Archives > August 2016

The Ravishing Raptors of Southern Alberta

Raptor

 

Have you noticed any long winged, curved-beaked, talon-clawed birds soaring through the sky this summer?

Yes? Then you are witnessing Alberta’s raptor season!  No, not Jurassic Park raptors, BIRD raptors!

Birds of prey, like hawks, falcons, owls and eagles are known as raptors.  Their tough, hooked beaks and sharp, curved talons make them experts at catching and devouring snacks like mice, ground squirrels, small birds and other rodents.

These soaring species’ have amazing eyesight!  How else would they be able to spot tiny mammals from all the way up in the sky?

While owls have unique features, Alberta’s hawks and falcons can be tough to tell apart.

Common falcon species in Southern Alberta include the American Kestrel, Merlin Falcon, Peregrine Falcon and Prairie Falcon.  Some hawks you might see around include the Swainson’s Hawk, Ferruginuous Hawk, Harrier Hawk or Red-tailed Hawk.

Here are a few clues to help you identify the raptors of Alberta’s skies.

Clue #1: Falcons have smooth, pointed wings, while hawks have “fingers” or edges to their wings.

Clue #2: The Swainson’s Hawk is one of the most common species living on the prairies.  (In fact, right now, AIWC is caring for seven Swainson’s Hawks! Mostly due to run-ins with vehicles, as these feathered beauties do a lot of hunting near roads.) These raptors have dark brown bodies and wings on the top with lighter beige underneath.

Clue #3: Falcons can reach diving speeds up to 300 kilometres an hour. You probably won’t have time to pull out your stopwatch, but these guys can move pretty quick!  Their prey hardly stands a chance.

Clue #4: The Peregrine Falcon is another raptor that calls Alberta home.  While they come in a variety of sizes, you might be able to spot a peregrine falcon from the dark band on their head; like they are wearing a little hood or cap.  These falcons like using cliffs as nesting sights but have adapted to use building ledges when nesting in urban areas.

Clue #5: Spot a raptor with white eyebrows and a light belly by a prairie river? Chances are, you’re looking at a Prairie Falcon!  These swift falcons like to nest in caves and ledges by running water in the prairies.  They’re a pretty rare find, but white bird poop on cliff faces might be an indication that Prairie Falcons are nearby!

Clue #7: Notice a big raptor with a red tail hanging out around Calgary or Edmonton?  That’s a Red-tailed Hawk!  These feathered city slickers like to perch on highway lights and signs, scanning the area for mice or other prey.  While they prefer wooded areas, Red-tailed Hawks do well near large urban centres.

Clue #8: Whats that sound?  Well, it might be a Merlin Falcon!  These little raptors have a distinctive call and do well in urban areas.  Feeding on little birds and nesting in planted trees makes city life ideal for the Merlin Falcon.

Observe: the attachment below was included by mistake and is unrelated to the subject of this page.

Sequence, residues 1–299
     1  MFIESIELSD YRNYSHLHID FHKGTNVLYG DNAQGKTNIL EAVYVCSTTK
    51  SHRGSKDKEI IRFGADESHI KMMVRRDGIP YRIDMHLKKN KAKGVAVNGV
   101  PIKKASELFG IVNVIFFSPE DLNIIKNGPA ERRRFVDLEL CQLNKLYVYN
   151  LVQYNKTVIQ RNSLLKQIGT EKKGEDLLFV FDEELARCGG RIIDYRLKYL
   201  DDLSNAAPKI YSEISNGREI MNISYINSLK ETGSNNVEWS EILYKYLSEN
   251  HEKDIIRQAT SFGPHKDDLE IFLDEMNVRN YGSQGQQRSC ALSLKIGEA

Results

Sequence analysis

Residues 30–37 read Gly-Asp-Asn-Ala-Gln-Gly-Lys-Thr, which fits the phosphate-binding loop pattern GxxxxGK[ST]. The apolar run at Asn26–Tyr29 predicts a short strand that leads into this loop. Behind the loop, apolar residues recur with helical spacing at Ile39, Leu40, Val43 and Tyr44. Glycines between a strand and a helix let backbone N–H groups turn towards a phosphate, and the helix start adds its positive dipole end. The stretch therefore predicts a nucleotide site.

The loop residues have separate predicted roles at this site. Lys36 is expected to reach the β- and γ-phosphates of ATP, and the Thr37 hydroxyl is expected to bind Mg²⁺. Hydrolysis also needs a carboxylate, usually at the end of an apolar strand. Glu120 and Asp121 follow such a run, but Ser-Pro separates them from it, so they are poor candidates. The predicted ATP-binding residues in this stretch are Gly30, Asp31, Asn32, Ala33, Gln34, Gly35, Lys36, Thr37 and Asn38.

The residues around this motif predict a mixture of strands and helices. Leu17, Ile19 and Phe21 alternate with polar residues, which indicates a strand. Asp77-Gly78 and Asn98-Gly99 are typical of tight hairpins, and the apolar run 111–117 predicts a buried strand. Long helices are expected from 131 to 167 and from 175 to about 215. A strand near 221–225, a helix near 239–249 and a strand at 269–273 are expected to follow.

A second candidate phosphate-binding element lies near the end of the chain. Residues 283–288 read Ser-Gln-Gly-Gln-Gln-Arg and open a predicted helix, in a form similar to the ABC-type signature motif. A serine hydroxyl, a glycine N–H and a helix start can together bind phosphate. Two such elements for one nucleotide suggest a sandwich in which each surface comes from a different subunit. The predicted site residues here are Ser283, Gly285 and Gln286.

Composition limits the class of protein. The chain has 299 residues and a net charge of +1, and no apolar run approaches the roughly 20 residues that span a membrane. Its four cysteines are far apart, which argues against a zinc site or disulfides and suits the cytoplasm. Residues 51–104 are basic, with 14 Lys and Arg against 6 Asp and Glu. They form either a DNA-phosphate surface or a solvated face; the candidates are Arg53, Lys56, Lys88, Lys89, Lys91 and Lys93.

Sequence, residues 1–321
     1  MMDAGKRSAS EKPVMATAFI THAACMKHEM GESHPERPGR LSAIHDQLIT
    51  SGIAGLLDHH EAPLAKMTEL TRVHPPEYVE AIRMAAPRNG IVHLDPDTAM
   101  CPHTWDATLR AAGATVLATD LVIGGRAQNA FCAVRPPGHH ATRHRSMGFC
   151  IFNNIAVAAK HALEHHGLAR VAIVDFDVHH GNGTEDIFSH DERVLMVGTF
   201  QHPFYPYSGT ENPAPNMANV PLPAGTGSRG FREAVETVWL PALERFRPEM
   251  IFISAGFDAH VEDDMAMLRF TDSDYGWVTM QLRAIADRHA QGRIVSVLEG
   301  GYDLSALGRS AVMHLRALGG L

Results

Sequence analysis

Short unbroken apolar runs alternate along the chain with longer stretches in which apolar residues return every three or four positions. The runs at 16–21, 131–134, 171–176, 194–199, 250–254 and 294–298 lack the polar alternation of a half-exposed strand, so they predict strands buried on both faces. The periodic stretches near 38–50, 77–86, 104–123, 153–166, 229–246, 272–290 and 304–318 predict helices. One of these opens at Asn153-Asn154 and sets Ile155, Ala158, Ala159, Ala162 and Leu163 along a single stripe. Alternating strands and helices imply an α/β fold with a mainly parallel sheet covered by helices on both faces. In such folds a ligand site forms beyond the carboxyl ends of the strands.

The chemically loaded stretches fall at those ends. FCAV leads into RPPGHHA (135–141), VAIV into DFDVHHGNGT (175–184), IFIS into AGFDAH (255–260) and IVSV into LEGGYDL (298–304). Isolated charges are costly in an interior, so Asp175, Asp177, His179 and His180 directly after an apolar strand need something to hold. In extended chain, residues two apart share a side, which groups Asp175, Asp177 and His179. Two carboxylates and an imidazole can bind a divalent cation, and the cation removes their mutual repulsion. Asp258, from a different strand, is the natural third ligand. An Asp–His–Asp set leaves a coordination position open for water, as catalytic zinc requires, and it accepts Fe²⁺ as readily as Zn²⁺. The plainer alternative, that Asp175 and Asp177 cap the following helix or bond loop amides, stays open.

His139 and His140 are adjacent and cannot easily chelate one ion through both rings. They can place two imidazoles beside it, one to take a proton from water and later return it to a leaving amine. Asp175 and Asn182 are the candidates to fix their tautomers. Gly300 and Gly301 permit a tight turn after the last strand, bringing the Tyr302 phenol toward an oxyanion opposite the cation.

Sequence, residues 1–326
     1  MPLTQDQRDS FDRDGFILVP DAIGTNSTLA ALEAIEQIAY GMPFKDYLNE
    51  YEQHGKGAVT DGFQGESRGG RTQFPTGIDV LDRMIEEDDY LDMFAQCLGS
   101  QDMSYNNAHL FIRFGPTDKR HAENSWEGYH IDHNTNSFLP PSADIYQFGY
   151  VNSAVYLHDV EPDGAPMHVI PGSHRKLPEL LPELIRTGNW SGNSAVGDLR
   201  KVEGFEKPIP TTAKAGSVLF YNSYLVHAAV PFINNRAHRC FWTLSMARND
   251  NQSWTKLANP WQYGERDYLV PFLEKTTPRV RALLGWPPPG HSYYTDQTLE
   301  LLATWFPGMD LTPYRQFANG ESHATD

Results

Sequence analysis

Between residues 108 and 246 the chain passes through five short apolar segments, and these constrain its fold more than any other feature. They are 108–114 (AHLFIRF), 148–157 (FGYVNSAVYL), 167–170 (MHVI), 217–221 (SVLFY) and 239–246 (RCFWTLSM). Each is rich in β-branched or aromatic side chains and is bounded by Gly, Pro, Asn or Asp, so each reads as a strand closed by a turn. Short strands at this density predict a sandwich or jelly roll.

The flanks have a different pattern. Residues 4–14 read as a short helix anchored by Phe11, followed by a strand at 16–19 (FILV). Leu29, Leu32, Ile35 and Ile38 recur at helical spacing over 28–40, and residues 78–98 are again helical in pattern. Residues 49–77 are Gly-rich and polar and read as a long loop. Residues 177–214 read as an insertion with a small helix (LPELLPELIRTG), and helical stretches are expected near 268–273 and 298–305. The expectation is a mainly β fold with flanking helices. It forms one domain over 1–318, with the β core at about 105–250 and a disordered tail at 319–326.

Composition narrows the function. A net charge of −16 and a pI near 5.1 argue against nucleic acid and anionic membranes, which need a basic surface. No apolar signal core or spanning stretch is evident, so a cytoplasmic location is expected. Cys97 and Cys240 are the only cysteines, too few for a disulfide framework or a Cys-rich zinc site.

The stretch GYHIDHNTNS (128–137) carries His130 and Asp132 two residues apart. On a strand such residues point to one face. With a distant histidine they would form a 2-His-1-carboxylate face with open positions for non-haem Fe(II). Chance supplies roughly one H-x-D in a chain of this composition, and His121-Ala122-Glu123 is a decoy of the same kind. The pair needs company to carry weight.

Clue #9: The Ferruginous Hawk (whew, what a mouthful!) is the largest species of hawk in the world.  Their favourite meal is a Richardson’s ground squirrel, but these big raptors will eat all sorts of mammals.  They will also eat snakes!  These hawks aren’t big fans of cities and prefer grasslands to city life.

There is so much more to learn and appreciate about Alberta’s raptors!  Like all species, birds of prey play an important role in the natural world and deserve our respect and admiration.

If you come across abandoned or badly injured raptors or other wildlife, call AIWC’s hotline at 403-946-2361.

 “Wildness is the preservation of the World.”― Henry David Thoreau

 

Sources:

Aep.alberta.ca

Burrowingowl.com

 

Fall Migration Detour…

It is very common to see a Swainson’s Hawk searching for prey over Alberta prairie fields or perched atop fence posts next to them.

The beautiful Swainson’s Hawk can be a sight for soar eyes here at AIWC this time of year—late August and September—when they are starting their trip of over 12,000 miles to Argentina.

AIWC has 7 hawks in care right now—mostly due to car collisions, as some of their hunting takes place on the side of the roads and highways.

Swainson’s Hawk pairs share the effort of building the nest, though the male picks the nest site.  Nests are built in trees as well as the occasional power pole, located near agricultural fields and pastures, where they feed.  It can take up to two weeks to build and consists of twigs, sticks and debris items they find like rope and wire.  The nest is lined with grass, hay, weed stalks, fresh leafy twigs and may even include cow dung.  When finished, the nest can reach up to .61 meters in diameter and is over .30 meters high. Hawks may re-use nests from previous years including those of crows or magpies.

Swainson’s Hawks will have 1 brood per year of 3 to 5 chicks.  They feed their chicks a diet of rodents, rabbits, and reptiles. But when they’re not breeding, the adults switch to a diet made up almost exclusively of insects, especially grasshoppers, dragonflies and butterflies that they catch on their wings.

The good news is that AIWC expects most of the seven Swainson’s Hawks in care to make a full recovery and to be ready to join the rest of their group (migrating groups are called kettles) on their journey to the warmth and sun of South America.

These hawks would not be making this migration journey if it wasn’t for the care and compassion of Albertans who call our hotline to let us know there is a wild life in need.  Thank you!!

As always, if you find injured or orphaned wildlife, please call us at 403-946-2361.

“We don’t own the earth.  We are the earth’s caretakers.  We take care of it and all the things on it.  And when we’re done with it, it should be left better than we found it.”  Katherine Hannigan, author.

Wildlife…Our Shared Responsibility

 

 

We have a shared responsibility to wildlife.  For as long as there have been people, there have been dangers to our wildlife. At AIWC we believe our responsibility to wildlife goes far beyond the walls of our clinic.

Whether it is the assistance and information we provide to the more than 5,000 individuals that call our hotline yearly, our on-site talks, or the outreach programming we provide to the greater community, we are working to create a strong co-existence between Albertans and wildlife.

AIWC’s Education programs emphasize the importance of environmental protection, and may be the most important investment we can offer Alberta’s youth.

With the beginning of the school year just around the corner, it time to start thinking about the amazing education programs we offer:

Who’s in Your Backyard?

An interactive program focusing on wildlife commonly seen in Alberta. Learn about the life cycles of different wild animals, the roles they play in our ecosystem, and the common reasons why they are admitted to our clinic.